Bites, stings and contact with plants or animals: 5 - 9 years

How big a problem is it?

These are serious injuries caused when a child is struck, bitten or otherwise injured by a plant or animal such as a dog or insect. 

Who does it affect?

Children aged 5 - 9 are vulnerable to all the different types of injury in this category but contact with dogs is the largest single cause of injury. For this age group, dog-bites were the cause of nearly 60 percent of hospitalisations for this injury cause. 

Stings are another risk factor for this age group, who are at greater risk of being bitten or stung by a nonvenomous insect than children aged 10 and over. Māori had the highest rate of hospitalisation from 2013-2017, with more than twice the rate of European children. Pacific Island children had the second highest rate. Māori children are especially prone to being injured from contact with a dog with injury rates at around four times the rate of European children (Note that these rates are for all children aged 0 -14 years). 

The evidence for actions that prevent these injuries is not as strong as other types of injury. We have some tips for which the evidence is uncertain but we still do recommend you consider them a possible prevention for these types of injury.

Top Tips

  • Have good conversations with families about the possible benefits of neutering male dogs and avoiding choosing unsafe breeds as pets 

  • Separate babies and infants from dogs 

  • Supervise and restrain the dog when near young children.

  • Educate everyone in the home about the potential risks 

  • Educate children how to interact with unfamiliar and pet dogs (see links below) 

  • Remind older children to slow down if running or playing around the younger ones, to reduce the risk of collisions.

First Aid

  • If your young child is injured by a dog, sting or having crashed into another child and is unconscious, find CPR instructions below.  

  • If you are not alone, call 111 or ask someone to call for you. 

  • Do not stop performing CPR until medical help arrives and takes over. 

  • Control bleeding by applying pressure with an absorbent cloth or pad 

  • If you are not alone, get non-urgent advice from HealthLine (0800) 611 116 or the National Poisons Centre 0800 764 766 in the case of jellyfish, insects and spider bites etc.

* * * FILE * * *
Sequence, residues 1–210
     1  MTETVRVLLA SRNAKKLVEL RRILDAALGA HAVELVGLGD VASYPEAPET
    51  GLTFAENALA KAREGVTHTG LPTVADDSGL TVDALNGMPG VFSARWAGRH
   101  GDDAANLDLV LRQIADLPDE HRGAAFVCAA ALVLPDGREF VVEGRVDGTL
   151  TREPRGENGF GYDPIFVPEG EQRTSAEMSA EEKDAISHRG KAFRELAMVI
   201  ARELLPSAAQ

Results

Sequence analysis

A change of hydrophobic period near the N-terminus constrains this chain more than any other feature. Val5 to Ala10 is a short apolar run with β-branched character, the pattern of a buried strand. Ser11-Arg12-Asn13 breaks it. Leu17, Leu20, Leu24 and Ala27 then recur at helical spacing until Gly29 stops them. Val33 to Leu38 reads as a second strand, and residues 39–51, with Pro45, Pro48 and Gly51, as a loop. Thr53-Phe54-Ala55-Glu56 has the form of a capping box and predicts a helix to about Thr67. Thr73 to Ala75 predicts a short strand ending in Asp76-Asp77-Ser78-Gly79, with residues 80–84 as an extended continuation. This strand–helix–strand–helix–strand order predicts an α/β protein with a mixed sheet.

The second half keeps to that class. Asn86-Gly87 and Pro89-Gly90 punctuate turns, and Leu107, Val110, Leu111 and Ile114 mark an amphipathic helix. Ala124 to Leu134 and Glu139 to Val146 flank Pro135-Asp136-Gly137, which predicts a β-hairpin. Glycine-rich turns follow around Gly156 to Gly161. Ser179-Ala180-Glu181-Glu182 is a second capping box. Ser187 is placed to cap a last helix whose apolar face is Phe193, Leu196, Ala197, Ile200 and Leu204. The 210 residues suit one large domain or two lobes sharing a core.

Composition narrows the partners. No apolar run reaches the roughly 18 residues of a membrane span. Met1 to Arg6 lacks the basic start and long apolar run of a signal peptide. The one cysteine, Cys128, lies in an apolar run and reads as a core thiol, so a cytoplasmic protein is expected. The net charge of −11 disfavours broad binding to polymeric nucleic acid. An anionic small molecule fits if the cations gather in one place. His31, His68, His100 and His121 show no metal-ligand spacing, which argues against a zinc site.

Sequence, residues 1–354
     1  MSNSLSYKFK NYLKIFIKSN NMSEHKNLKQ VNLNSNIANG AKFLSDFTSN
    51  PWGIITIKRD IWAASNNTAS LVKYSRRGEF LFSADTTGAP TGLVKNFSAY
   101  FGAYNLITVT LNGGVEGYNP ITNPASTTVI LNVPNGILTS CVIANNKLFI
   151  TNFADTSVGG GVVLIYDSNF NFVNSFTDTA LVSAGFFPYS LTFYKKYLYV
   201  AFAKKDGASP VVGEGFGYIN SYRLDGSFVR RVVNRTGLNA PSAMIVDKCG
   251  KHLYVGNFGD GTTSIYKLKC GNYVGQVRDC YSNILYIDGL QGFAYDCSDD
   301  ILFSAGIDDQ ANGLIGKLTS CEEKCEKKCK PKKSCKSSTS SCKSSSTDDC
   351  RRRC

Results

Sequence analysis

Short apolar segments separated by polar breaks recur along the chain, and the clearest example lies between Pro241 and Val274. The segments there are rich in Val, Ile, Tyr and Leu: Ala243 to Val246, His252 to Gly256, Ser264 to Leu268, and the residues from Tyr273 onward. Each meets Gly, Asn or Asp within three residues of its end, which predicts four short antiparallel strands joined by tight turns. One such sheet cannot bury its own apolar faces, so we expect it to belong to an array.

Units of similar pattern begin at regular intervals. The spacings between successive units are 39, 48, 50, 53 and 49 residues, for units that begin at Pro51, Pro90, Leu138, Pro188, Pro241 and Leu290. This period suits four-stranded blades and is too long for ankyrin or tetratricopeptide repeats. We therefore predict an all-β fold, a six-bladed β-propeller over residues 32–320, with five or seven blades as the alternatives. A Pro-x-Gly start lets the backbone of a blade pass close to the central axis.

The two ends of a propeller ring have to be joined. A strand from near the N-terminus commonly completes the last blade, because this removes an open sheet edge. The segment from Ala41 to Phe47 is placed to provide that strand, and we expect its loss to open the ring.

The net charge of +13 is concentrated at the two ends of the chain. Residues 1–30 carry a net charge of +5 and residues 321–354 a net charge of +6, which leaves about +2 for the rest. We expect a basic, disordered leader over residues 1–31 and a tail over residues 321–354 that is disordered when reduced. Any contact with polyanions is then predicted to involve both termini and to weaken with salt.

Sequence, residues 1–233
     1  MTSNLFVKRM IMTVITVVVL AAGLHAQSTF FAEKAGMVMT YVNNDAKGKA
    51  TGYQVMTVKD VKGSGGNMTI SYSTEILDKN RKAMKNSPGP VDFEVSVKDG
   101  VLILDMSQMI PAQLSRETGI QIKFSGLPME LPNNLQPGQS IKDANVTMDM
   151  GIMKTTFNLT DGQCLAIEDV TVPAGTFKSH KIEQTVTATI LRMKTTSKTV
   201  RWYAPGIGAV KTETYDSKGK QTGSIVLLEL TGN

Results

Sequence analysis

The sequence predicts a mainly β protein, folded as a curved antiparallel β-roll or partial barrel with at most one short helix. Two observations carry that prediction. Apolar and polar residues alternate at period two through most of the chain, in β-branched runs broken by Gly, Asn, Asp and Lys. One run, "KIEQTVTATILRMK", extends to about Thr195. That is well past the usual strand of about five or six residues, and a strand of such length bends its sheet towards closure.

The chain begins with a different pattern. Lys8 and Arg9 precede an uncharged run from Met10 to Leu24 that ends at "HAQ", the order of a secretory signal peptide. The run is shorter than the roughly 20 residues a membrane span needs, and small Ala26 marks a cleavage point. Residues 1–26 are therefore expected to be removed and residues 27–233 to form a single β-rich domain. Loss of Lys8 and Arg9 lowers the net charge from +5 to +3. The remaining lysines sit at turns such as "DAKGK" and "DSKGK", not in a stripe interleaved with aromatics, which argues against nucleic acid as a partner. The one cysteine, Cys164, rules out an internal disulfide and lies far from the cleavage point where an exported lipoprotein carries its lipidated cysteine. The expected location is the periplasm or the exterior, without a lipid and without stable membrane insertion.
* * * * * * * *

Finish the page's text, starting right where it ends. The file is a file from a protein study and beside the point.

• First aid treatment for jellyfish stings, insect and spider bites Flush with water and gently remove any tentacles. Hot water is a good option but exercise caution as babies and infants are vulnerable to burns from hot water. 

  • If your child has a body part, such as a fingertip, that has been bitten off, put the part that was cut off in a sealed plastic bag right away. Put the bag in a container with ice water. 

  • If you suspect a broken or fractured bone see the first aid steps here at this KidsHealth fracture page.


Antibiotics and a tetanus vaccination or booster may be required. For more information about tetanus, see the Safekids link below or contact the Immunisation Advisory Centre 0800 IMMUNE (466863). See the Immunisation Advisory Centre tetanus page here.

Follow DRS ABCD to start CPR 

D Dangers? Check for any dangers to yourself such as electricity or traffic. 

R Responsive? Check responsiveness by calling loudly and shaking the child's arm. 

S Send for help. Dial 111 and confirm an ambulance is on its way. Use the appropriate emergency number in other countries. 

A Airway. Open the airway by moving the head into a neutral position and lifting the chin. Do not tilt the head back too far.

B Breathing. Look and feel for movement of the lower chest and stomach area. Listen and feel for air coming from the nose or mouth. 

C CPR. If the child is not breathing, start CPR - 30 compressions to 2 breaths. Put the child on a firm surface. Place 2 fingers of one hand (for a baby) or the heel of one hand (for a child) in the centre of the chest just below the nipples. Push down hard and fast 30 times in about 15 seconds (push down one-third of chest depth). Once you have completed 30 compressions (pushes) on the chest, breathe into the baby's mouth 2 times. Seal your lips around the baby's mouth and nose. For a child over 1, you may need to breathe into their mouth and pinch their nose closed. Gently puff into the child until you see their chest rise. Continue with the cycle of 30 chest compressions and 2 breaths until the ambulance arrives. 

D Defibrillator. Attach defibrillator as soon as it is available and follow prompts.

Links to Safekids’ resources

Child Dog Bite Hospitalisations in NZ

Links other organisations’ resources

Dog Safety NZ

Dept Internal Affairs Dog Safety Website

Waikato University Publication: Keeping Our Children Safe Around Dogs